Growing up in Mahtomedi, MN, White Bear Lake had a stronghold in my life. As a child, my nanny would take me there to learn to swim. Growing older, it became the location of my friend’s biking and summer adventures. Although this lake is typically considered one of the deepest, largest, and cleanest in the Twin Cities, over the past decade, the lake has been on a steady decline. And while precipitation has remained consistent over a thirty year period, in November 2012, the White Bear Lake Restoration Association declared that White Bear Lake reached a historic all time low. The lake is now over five feet lower than average, and said to have a quarter of its volume si[...]
The property now encompassing the Benziger Family Winery was once the site of an outrageous experiment to create a cabernet-infused marijuana strain called “Sonoma Coma.” Although the pot production ceased once the property was sold to the Benzigers, the 1970’s vibe of health, harmony, and environmental philosophy continues under its new ownership. The Benziger family’s commitment to biodynamic farming has rocked the world of wine-making, and made Benziger a leader in sustainable agriculture.
Biodynamic farming is an environmentally-holistic approach to agriculture, and operates on the bel[...]
A Place for Sustainable Living hosted Festival of the Commons, a neighborhood place-making block party in the Golden Gate District of Oakland on November 9, 2013. This celebration on about three blocks of closed-off streets, featured multiple on-going projects open for public involvement such as urban garden installations, up-cycling recycled materials into the building of public mud-packed cob bulletin boards and benches and various public art projects to name a few.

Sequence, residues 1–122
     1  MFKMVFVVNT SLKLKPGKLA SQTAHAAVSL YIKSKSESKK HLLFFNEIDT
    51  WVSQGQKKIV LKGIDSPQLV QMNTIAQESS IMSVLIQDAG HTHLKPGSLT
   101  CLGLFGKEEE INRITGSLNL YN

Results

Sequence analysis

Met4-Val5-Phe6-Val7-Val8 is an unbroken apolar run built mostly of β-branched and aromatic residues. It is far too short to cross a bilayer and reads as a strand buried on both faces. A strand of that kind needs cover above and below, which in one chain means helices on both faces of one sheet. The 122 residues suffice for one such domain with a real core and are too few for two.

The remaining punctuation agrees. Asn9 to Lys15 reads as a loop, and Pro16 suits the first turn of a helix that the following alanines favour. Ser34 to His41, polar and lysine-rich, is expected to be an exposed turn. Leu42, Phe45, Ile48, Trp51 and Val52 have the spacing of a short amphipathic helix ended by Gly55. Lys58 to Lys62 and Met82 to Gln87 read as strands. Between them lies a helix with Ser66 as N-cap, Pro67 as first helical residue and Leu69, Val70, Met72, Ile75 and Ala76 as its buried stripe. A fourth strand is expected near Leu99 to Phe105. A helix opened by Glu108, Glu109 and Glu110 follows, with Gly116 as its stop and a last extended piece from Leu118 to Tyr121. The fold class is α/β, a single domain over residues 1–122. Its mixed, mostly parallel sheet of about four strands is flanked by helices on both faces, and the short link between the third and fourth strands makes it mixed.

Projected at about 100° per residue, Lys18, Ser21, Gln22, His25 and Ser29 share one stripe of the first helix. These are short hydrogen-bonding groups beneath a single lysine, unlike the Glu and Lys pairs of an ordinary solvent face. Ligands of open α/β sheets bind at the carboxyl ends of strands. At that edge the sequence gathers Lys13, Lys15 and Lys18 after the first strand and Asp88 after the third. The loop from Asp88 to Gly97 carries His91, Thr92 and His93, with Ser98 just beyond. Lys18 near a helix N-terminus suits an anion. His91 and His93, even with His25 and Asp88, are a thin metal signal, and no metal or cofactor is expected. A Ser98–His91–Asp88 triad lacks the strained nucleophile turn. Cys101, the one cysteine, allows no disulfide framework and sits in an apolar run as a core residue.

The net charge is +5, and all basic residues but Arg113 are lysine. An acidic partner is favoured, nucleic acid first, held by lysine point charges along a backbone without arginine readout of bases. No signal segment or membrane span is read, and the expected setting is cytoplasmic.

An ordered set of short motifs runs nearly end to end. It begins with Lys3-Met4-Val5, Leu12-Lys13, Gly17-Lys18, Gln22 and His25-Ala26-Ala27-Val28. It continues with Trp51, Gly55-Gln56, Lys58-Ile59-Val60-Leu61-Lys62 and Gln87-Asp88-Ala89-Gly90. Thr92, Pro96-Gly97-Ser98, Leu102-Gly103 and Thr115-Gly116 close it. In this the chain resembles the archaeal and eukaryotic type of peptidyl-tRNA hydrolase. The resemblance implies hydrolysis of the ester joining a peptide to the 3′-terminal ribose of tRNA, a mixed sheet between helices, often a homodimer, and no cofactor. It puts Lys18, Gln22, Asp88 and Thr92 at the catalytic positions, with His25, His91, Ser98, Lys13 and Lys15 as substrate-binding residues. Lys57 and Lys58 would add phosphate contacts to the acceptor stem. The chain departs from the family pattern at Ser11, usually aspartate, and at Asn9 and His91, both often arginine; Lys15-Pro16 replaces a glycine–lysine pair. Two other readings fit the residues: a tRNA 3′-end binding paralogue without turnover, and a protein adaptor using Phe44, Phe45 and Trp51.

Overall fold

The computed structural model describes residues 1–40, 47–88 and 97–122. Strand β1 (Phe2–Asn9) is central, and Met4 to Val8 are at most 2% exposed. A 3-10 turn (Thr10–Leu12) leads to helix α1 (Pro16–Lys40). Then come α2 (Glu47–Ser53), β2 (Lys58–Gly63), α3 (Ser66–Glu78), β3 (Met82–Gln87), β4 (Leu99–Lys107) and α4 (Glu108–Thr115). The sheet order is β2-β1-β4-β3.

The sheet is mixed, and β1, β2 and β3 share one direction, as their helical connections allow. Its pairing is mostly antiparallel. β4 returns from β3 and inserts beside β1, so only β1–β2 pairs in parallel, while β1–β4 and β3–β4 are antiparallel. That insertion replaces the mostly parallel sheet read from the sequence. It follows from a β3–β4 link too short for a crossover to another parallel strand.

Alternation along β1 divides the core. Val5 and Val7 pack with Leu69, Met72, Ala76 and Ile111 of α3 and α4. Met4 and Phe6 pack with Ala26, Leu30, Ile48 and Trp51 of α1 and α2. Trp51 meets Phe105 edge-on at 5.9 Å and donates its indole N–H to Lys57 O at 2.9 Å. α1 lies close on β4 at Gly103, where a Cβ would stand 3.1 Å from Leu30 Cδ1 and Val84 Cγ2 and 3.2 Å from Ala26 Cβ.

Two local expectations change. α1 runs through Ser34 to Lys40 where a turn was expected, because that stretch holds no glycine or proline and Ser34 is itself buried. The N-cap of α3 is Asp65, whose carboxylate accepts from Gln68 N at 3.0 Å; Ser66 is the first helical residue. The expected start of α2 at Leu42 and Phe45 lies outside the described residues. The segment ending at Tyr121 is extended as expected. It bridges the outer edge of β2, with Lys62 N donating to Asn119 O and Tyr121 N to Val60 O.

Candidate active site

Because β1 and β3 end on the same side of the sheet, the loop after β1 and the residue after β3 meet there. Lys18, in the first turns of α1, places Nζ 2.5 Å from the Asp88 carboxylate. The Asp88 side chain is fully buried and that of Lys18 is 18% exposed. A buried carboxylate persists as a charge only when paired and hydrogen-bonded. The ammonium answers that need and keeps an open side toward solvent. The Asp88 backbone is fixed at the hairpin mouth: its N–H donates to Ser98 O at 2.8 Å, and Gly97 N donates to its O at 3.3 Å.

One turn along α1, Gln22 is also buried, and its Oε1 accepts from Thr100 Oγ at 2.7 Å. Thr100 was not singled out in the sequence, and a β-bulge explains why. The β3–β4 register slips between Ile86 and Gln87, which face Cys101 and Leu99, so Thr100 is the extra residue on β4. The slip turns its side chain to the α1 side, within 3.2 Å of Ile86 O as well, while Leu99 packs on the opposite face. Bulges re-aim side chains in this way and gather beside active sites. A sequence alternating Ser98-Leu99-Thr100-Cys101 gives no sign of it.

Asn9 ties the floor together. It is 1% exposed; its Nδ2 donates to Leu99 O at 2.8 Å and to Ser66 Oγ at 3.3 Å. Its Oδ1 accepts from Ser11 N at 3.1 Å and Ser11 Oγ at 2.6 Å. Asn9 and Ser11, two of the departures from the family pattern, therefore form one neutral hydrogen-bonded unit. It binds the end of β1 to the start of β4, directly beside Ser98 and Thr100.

Other participatory activities included workshops for Tai Chi, juggling, lasso[...]
In mid-2008, DST Systems planned to construct a rain garden at 18th and Broadway, in the historic Crossroads Art District just south of downtown Kansas City, MO. Partnering with 360 Architecture, the plans evolved to showcase the sustainability of living spaces and green practices, transforming a vacant lot into a self-resourceful and reliant innovative urban community garden complete with solar power, storm water management and recycling systems and engagement of the local community.
Presently, this half acre land feeds around forty people a day, with provisions of redirecting rainwater for [...]
Since the 1960's, the city of Pittsburgh has been one of the largest centers for historic preservation in any city in America. The Pittsburgh History and Landmarks Foundation was created in 1964 and has awarded over 500 historic plaques, designated twelve historic districts, and named 90 historic structures for preservation across the city limits. These include everything from tall structures, such as the Cathedral of Learning; to historic bridges crossing the rivers, such as Smithfield Street Bridge; to small houses which are still lived in today. A list of these buildings can be found here. The Pittsburgh History and Landmarks Foundation does mor[...]